Adler, Krugman, And France.


Un gros, petit canard by the name of Alexandre Adler took to the pages of L’Opinion to rail against Paul Krugman disputing Standard and Poor’s decision to downgrade the credit rating of France, a stance which made headlines in Le Monde. And the column in question seems fairly straightforward, and draws upon recent events in the United States to offer guidance: “fiscal scolds don’t really care about deficits. Instead, they’re using debt fears to advance an ideological agenda.”

Don’t believe me? Look at Business Insider: “the CBO expects the deficit to fall to 2.1% of GDP in 2015.” Then compare that with a collection of quotes from Media Matters. Combine the two and it feels a bit like the argument against same-sex marriage: all that’s left is the fact that some people don’t like spending money, and that’s a silly position to take. (In the analogy, I’m referencing the argument in California’s Prop 8 case, which boiled the case against same-sex marriage down to a concern for the future propagation of the species. (I guess getting the population of the planet to 7.04 billion really has some people worried about our ability to reproduce.))

Krugman continues: “Meanwhile, French fiscal prospects look distinctly nonalarming. The budget deficit has fallen sharply since 2010, and the International Monetary Fund expects the ratio of debt to G.D.P. to be roughly stable over the next five years … But France has a higher birthrate than most of Europe … so that its demographic projections are much better than those of its neighbors, Germany included. Meanwhile, France’s remarkable health care system, which delivers high quality at low cost, is going to be a big fiscal advantage looking forward.”

This doesn’t sit well with Adler, who wonders out loud whether or not Tea Party violence or a bit of unexpected sun affected Krugman’s brain, “frappé le cerveau,” etc. Why? Because Krugman is a Keynesian, evidently. A dreaded Keynesian. And the pull-your-hair-out-in-frustration bit where a UMass student noticed that Carmen Reinhart and Kenneth Rogoff — advocates for austerity whose work has been cited by governments around the world — found that the data the two had used was wrong? That was just “malchance fortuite,” as in, a bit of fortuitous luck. And Adler is right: getting math wrong doesn’t prove anything. It’s one reason why I’m convinced Twitter’s stock listing on the Nasdaq is going to hit 5,000 and then start physically manifesting itself in the form of shetland ponies. You may say I’m crazy — that I’m throwing away my money like it’s ticker tape in search of an astronaut (like a school of fish beneath the sea) — but Adler is right: getting the math wrong doesn’t mean I’m wrong.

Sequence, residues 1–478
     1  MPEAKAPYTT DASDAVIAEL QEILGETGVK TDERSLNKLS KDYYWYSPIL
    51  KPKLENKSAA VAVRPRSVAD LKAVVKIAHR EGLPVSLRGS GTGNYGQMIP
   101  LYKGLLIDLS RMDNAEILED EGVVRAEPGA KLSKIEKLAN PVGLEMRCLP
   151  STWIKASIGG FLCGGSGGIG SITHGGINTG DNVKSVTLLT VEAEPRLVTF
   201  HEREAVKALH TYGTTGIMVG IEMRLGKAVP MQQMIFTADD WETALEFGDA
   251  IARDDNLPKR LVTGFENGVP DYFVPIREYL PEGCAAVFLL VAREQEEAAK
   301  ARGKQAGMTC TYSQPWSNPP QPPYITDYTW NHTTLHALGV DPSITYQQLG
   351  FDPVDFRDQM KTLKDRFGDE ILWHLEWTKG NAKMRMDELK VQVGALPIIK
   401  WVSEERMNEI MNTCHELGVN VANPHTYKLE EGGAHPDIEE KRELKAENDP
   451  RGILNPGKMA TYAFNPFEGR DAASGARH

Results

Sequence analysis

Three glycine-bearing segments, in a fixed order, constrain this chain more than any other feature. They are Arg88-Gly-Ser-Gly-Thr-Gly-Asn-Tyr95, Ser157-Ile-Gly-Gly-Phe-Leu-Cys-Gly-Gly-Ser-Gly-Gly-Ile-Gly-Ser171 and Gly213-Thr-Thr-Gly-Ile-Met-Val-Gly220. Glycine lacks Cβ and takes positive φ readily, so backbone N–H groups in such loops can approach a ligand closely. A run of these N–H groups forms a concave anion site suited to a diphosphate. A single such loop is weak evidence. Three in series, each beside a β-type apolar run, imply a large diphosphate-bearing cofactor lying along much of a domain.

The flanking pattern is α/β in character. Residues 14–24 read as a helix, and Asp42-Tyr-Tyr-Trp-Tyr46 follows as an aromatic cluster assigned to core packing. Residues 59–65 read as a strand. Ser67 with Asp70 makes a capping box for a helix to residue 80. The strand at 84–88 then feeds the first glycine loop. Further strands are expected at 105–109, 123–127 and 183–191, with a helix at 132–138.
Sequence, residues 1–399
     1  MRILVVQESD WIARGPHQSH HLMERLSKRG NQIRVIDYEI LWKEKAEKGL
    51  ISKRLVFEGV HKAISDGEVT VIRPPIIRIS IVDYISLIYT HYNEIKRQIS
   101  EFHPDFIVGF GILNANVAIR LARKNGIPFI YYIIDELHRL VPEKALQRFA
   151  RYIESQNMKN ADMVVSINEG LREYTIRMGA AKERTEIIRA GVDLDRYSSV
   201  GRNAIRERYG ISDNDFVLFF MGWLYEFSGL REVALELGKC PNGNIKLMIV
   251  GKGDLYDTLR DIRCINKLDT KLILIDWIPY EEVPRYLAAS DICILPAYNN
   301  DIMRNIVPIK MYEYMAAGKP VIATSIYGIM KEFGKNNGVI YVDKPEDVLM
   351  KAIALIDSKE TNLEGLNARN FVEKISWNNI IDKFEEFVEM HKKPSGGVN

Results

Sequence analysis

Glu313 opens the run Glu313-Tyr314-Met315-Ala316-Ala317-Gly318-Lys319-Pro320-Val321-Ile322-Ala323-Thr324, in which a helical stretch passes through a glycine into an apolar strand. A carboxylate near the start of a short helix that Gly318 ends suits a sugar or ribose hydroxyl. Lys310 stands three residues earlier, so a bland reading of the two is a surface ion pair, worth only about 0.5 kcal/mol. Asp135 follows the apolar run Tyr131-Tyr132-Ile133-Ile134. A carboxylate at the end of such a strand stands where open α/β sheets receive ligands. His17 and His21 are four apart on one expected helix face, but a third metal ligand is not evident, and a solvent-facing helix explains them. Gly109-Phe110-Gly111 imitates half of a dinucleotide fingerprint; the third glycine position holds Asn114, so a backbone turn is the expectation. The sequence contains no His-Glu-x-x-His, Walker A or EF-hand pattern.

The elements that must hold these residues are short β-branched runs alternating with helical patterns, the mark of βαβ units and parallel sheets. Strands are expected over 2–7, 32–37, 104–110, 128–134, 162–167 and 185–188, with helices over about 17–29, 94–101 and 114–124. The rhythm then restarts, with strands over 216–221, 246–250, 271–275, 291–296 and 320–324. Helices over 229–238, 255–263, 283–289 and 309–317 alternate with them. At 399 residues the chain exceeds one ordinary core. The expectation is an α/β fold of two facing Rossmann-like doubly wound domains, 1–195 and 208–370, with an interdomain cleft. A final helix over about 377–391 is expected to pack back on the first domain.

The one bit of data Adler advances — that hitting 100% debt-to-GDP means a reduction in spending — is something of a false canard, too. One: governments are capable of running deficits. Governments have run deficits in the past and they will do so once again in the future. I’m not writing this to encourage fiscal irresponsibility, but it happens. Two: France’s public debt as a percentage of GDP is at 89.9%. Their government’s gross debt as a percentage of GDP is at 90.291%. Given the size of what happened in 2008, this shouldn’t be unexpected. But the IMF suggests a stable outlook for the next five years based on currently existing policy. If the birthrate suggests that those born in France will stay in France, there will be a larger tax base in the years ahead. Debt has fallen since 2010. So how much to cut is too much for the man running around with scissors in the street? How many more pensions should be raided a la Cyprus? A la Greece? A la Portugal? How many youths shall we try and pull the ladder up on?

Unfortunately, Adler then decides to tack towards the personal and seems to suggest that Krugman became intellectually erratic when Larry Summers and Rick Rubin didn’t let him join the Clinton administration. He ends by calling him a charlatan and comparing him to Trofim Lysenko.

He doesn’t use any data, though.